The other film on Disc 2 is TRACK OF THE VAMPIRE, which is kind of the TV version of BLOOD BATH. Some of the teasy nudity and bits of bloodiness have been cut but a lot of extra footage has been added which makes it the longer of the two films here, even if it’s not the more interesting. Disc two also has the extras, including talking head pieces with director Jack Hill and actor Sid Haig (is he wearing a hospital bracelet?) and the previously mentioned piece by Tim Lucas.

Disc 1 has OPERATION TITIAN, which is the film that started it all off. I mention it down here because it’s not terribly interesting, except to show you where a lot of BLOOD BATH’s footage originated. It’s a fairly anaemic crime thriller about picture smuggling with William Campbell and Patrick Magee (criminally not in BLOOD BATH except for a blink-and-you’ll-miss him bit right at the end). OPERATION TITIAN was recut and rescored to create PORTRAIT IN TERROR, which actually does move better and has an ending that’s hysterical enough to make it worth a watch.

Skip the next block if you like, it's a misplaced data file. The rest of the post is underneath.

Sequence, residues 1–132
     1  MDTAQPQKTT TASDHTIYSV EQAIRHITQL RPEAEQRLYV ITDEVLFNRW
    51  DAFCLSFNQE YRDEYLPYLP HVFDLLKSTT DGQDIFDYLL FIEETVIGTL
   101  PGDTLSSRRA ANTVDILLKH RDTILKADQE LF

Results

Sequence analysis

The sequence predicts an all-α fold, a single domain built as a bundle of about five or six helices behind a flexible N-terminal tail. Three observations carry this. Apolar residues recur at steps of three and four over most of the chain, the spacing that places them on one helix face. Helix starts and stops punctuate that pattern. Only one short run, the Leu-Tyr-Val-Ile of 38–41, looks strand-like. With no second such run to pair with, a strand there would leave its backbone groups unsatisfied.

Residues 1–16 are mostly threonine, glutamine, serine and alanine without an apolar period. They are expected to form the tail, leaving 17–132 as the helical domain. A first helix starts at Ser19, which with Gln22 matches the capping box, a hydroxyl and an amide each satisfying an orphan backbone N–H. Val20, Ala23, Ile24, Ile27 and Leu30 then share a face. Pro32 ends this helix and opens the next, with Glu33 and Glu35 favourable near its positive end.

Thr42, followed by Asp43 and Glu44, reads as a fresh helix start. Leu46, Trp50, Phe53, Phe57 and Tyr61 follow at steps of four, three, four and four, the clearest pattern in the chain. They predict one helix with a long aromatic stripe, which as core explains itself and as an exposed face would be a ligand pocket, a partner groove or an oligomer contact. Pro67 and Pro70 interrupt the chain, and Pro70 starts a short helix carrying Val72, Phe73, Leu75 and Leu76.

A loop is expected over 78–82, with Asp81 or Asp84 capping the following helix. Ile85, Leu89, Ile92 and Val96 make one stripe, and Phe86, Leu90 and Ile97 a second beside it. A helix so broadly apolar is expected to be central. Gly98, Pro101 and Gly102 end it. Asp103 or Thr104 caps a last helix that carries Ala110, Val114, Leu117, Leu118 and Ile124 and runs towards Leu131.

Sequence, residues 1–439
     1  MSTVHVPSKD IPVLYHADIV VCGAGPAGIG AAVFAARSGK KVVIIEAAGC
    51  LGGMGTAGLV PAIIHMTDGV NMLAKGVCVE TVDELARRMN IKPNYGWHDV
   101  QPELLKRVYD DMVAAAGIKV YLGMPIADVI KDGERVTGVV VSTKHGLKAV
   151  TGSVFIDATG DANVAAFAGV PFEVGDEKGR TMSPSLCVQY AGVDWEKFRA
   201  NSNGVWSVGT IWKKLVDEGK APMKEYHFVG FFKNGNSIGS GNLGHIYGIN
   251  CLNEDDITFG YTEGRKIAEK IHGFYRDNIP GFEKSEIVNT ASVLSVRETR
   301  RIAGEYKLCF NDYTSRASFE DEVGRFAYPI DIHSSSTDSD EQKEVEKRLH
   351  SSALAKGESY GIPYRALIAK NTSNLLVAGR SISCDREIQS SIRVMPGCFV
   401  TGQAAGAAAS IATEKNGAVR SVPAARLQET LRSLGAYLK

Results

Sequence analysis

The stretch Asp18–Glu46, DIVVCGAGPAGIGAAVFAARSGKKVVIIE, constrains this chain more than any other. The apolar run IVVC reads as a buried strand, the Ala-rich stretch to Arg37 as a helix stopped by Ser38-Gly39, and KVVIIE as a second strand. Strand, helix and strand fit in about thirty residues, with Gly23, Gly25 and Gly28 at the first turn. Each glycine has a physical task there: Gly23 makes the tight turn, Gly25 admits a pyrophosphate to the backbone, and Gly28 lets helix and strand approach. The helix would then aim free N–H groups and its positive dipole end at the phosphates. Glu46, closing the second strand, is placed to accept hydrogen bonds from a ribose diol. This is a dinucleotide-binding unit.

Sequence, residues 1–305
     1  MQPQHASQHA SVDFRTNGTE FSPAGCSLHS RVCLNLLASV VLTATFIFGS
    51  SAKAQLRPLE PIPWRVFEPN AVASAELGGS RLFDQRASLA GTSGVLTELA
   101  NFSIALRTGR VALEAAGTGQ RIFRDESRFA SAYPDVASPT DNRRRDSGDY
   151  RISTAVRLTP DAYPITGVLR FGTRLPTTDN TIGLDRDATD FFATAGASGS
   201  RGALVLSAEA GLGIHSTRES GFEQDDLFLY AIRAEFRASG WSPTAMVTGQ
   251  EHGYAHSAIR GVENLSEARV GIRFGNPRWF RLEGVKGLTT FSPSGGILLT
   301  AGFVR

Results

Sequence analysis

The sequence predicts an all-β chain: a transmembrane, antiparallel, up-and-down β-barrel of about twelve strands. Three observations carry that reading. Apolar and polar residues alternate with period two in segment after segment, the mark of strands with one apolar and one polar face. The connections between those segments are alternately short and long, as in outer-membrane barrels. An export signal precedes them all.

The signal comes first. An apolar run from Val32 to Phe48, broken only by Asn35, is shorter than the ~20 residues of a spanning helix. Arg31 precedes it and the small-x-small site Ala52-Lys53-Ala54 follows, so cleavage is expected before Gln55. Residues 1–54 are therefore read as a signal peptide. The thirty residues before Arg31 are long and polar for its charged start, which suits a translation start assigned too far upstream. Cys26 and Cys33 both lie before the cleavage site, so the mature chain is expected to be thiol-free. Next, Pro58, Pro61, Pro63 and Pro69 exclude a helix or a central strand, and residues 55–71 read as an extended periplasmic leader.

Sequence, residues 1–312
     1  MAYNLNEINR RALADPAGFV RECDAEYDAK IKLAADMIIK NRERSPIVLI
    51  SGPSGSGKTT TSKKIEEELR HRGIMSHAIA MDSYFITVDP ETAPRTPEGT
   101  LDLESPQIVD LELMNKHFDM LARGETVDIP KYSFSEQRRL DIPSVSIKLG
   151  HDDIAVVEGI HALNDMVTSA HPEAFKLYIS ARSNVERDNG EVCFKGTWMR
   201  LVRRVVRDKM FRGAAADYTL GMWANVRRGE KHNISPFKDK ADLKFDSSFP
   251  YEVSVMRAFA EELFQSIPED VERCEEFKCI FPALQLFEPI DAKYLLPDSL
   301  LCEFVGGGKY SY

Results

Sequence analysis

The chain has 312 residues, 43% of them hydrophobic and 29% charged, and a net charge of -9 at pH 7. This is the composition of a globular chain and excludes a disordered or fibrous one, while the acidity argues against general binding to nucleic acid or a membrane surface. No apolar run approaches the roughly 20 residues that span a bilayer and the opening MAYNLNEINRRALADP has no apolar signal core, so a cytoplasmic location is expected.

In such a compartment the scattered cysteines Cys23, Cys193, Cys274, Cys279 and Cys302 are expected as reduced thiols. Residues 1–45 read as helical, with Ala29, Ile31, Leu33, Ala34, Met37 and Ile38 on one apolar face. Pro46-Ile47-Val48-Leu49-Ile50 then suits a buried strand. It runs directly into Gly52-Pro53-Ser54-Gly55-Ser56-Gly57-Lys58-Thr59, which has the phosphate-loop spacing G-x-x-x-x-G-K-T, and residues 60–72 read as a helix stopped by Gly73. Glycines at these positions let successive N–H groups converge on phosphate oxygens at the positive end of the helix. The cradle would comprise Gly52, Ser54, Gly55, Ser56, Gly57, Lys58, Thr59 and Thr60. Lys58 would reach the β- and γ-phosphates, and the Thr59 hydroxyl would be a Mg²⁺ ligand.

You also get a stills gallery, a fold-out poster, a reversible sleeve and a booklet with new writing on the film. I said above that Arrow’s BLOOD BATH package is really only for people who are going to be fascinated (as I was and still am) by how these four films came to be. That’s not to do it down, however. This is a fine and carefully put together package that archives for posterity a remarkable, and remarkably complex, slice of exploitation obscurity. Arrow absolutely deserve some sort of award for this one. 

BLOOD BATH and its three friends are out on Blu-ray in an Arrow box set on Monday 30th May 2016

Thursday 26 May 2016

Ghoulies II (1987)

The second GHOULIES film (there are four in case you’re interested) gets a UK Blu-ray release courtesy of 101 Films. It has practically no connection with the first film other than it features the same little rubber glove-puppet monsters and a knockabout sense of humour that will have those of you nostalgic for the days of Saturday morning children’s television in raptures.

A barrel full of ghoulies!